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Renaissance

Page history last edited by PBworks 14 years, 3 months ago

Renaissance 1400-1600

 


 

Historical Context

The start of the renaissance in the 15th century is somewhat ambiguous. It is marked with the rise of humanism as well as the end of feudalistic society. It is generally considered to range from 1400 to 1600. Interest in ancient art was renewed during this period. Some examples include writings of ancient Greeks and Romans, which led to an general interest in learning. Opportunities opened for the lower class for education and slowly, class became less of a limiting factor in society. The Renaissance was also marked by the change in views of the world from a more religious view to a more realistic view. Explorers such as Christopher Columbus and others such as Nicolaus Capernicus and Galileo Galilei mark this change in views. Slowly, music also changed its aim from purely religious music, to secular. The invention of movable type to print books by Johann Gutenberg in 1450 allowed Ottaviano de'Petrucci in 1501 to apply printing to music. This allowed easier dispersion and spread of works to the public. Also, this quickly allowed the spread of music, as entertainment and as an art, to reach people of all classes and places. The Renaissance movement made music more accessable to the general public than it had been before this time. (Miller 49-50)

 

Important dates

 

1417 Single Papacy restored to Rome
1450 Gutenberg perfects printing from movable type
1453 End of Hudred Years' War
1475 Tinctoris's Terminorum Musicae Diffinitorium
1477 Demise of the duchies of Burgundy
1492 Columbus's voyage to the West Indies
1496 Practica musice by Franchinus Gaffurius
1497 Death of Ockeghem and Josquin's composition of "Déploration sur le trépas de Jean Ockeghem"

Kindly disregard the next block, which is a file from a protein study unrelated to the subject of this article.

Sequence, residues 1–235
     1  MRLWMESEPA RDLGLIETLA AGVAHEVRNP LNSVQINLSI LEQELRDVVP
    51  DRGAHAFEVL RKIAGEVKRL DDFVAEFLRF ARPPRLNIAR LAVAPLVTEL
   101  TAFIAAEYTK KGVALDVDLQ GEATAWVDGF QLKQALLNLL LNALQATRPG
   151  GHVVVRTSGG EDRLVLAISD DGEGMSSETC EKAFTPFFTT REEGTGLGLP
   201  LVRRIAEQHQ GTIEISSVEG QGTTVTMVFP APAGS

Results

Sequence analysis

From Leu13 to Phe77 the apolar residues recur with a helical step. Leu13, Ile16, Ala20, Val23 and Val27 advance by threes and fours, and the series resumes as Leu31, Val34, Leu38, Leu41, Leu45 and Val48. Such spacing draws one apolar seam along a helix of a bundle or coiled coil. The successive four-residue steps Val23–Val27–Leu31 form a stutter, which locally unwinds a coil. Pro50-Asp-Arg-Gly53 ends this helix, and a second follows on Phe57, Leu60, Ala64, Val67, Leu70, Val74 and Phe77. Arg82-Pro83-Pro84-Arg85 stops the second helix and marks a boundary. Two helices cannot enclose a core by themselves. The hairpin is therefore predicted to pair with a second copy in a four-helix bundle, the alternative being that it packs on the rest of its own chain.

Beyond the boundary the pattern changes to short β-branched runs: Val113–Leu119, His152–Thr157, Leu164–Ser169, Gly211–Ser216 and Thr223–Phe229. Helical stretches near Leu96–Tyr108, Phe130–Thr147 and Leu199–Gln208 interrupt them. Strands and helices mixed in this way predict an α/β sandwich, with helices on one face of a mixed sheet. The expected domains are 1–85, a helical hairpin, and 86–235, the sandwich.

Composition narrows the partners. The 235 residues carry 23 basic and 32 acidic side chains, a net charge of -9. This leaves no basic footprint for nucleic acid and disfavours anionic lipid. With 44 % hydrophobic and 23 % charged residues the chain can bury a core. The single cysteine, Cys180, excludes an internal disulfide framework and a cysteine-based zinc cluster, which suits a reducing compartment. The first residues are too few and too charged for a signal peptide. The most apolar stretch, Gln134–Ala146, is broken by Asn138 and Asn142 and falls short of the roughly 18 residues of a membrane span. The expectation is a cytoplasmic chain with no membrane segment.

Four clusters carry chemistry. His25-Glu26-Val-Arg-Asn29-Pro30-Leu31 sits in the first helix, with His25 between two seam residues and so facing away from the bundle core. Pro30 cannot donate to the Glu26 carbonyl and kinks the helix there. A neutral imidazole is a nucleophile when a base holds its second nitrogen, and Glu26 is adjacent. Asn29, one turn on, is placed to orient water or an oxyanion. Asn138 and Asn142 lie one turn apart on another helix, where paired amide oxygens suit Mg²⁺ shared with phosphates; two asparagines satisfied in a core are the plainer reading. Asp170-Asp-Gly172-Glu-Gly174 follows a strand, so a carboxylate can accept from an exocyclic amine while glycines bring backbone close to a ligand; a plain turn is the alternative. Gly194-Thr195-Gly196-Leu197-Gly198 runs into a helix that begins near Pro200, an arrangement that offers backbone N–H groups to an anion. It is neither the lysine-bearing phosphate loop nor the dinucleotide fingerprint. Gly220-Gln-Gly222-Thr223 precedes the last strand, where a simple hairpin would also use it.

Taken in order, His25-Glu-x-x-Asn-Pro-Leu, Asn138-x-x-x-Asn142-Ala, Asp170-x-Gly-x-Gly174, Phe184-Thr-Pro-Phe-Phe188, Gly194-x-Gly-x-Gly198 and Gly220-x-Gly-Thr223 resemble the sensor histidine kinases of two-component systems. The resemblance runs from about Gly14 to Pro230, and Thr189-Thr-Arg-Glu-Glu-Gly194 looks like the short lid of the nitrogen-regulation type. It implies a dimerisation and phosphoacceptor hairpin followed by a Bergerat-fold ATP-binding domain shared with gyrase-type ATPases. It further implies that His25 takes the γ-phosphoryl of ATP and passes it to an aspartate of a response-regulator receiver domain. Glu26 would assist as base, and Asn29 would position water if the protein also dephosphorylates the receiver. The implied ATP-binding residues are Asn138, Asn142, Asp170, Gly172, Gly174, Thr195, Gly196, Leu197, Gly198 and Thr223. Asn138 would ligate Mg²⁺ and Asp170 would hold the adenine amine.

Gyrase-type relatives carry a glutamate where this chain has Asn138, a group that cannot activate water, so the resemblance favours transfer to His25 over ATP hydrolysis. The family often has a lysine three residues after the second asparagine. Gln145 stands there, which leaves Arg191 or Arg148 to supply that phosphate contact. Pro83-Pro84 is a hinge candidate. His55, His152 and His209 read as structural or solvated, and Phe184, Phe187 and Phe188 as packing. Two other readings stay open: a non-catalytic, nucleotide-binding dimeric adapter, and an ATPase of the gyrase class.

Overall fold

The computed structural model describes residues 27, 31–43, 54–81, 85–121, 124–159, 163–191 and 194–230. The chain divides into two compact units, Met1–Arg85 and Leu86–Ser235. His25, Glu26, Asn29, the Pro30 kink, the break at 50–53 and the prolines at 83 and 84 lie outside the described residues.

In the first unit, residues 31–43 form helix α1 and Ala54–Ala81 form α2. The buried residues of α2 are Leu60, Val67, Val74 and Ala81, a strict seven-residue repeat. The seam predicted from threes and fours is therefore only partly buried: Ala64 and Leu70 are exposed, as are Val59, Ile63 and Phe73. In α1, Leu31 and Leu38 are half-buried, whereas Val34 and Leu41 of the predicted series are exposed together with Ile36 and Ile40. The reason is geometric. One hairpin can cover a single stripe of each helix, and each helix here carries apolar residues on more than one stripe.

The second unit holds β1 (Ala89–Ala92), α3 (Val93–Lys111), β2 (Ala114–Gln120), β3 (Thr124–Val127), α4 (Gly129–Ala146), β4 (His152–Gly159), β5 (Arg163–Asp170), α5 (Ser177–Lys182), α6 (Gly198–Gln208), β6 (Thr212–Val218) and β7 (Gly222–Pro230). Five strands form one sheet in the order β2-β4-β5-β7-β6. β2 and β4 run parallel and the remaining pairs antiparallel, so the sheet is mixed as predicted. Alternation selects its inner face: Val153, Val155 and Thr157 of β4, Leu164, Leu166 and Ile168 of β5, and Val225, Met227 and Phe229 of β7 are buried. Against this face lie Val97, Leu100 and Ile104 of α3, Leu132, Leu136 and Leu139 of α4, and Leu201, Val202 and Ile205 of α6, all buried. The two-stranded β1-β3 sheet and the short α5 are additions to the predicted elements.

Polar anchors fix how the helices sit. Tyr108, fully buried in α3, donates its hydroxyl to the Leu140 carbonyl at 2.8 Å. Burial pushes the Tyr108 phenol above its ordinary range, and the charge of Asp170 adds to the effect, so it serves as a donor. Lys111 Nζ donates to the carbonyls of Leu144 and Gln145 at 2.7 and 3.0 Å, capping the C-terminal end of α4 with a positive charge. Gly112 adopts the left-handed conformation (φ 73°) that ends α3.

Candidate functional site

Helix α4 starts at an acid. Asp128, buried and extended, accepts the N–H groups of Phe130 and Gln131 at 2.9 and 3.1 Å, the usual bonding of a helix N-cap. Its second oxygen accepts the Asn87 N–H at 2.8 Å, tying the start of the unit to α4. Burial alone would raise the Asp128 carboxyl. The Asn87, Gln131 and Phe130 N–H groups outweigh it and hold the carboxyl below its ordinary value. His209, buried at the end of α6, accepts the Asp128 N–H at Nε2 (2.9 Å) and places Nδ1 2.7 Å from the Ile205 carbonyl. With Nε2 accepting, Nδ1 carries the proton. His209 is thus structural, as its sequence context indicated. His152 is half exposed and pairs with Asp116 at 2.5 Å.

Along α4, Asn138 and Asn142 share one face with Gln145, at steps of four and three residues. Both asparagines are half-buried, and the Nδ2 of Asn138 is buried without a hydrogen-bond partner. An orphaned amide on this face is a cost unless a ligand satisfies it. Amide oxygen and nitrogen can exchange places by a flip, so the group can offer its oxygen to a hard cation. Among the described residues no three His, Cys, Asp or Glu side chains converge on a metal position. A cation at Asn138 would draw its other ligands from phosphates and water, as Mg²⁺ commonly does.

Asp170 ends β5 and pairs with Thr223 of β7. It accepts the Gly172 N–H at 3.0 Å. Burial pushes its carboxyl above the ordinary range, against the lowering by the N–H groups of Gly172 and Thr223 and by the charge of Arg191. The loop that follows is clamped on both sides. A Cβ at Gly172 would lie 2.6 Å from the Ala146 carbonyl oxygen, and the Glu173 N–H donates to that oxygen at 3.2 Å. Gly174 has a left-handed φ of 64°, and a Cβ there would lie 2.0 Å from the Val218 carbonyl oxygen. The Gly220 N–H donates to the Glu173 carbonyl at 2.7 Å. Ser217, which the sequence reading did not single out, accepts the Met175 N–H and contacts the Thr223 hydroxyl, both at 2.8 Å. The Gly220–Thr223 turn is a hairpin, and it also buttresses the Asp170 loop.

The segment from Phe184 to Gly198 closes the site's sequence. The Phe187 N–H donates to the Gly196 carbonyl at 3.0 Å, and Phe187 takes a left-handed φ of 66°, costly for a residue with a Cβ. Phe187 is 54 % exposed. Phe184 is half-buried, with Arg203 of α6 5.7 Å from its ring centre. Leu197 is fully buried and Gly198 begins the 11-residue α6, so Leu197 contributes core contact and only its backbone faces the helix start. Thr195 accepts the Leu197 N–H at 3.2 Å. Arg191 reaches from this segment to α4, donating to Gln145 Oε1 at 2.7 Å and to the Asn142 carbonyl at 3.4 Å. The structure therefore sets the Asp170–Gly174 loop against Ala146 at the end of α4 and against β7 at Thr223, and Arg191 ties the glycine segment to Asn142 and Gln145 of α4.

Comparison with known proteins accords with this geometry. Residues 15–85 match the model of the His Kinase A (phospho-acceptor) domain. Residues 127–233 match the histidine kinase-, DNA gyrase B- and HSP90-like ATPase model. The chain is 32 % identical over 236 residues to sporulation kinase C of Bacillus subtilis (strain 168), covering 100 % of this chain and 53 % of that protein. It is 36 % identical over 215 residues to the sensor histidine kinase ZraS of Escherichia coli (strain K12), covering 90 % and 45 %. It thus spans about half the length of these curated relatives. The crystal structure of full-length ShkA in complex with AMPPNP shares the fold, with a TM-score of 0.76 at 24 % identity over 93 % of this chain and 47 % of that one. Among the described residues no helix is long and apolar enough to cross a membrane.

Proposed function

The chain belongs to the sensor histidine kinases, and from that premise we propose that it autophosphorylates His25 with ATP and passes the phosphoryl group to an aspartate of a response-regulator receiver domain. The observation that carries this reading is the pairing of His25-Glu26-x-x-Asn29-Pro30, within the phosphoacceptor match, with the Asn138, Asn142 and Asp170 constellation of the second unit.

1501 Petrucci first prints polyphonic music (Harmonice musices odhecaton A)
1503 Josquin commands high salary as maestro di cappella at Ferrara
1508 Intabulatura de lauto by Joan Ambrosio
1511 Sebastian Virdung's Musica getutsct und ausgezogen (A Summary of Music in Germany)
1517 Martin Luther's Ninety-Five Theses nailed to the Wittenberg Cathedral door
1524 First publication of Lutheran chorales
1536 Luis de Milán: Libro de musica de vihuela de mano intitulado El Maestro
1539 Arcadeot[s first book of madrigals published
1545-1563 Council of Trent
1549 First publication of Sternhold and Hopkins's Psalter
1558 Gioseffo Zarlino's Le istituzioni harmoniche (The Art of Counterpoint)
1559 Adrian Willaer: Musica nova
1567 Palestrina's Missa Papae Marcelli published
1575 Byrd-Tallis: Cantiones Sacrae
1592 Anthology of Italian madrigals, Il trionfo de Dori
1601 Thomas Morley's collection of madrigals, The Triumphes of Oriana
1609 Fitzwilliam Virginal Book copied by Francis Tregian

(Miller 47-48)

 

Style of Music

Most music was written with polyphonic texture, featuring four or more parts in imitation, for sacred vocal music. There was greater sense of harmony in the parts, but pieces were composed with modes, instead of scales. The over all style evolved over the centuries, starting with the dominant Flemish and French style. The ability for performers and composers to move through different countries and cultures slowly allowed different styles to adapt, assimulate, and evolve. National styles, such as from Italy, slowly began to rise later in the sixteenth century. Whole scores were rare. Most of the compositions were individual sections, and bar lines were also very rarely used.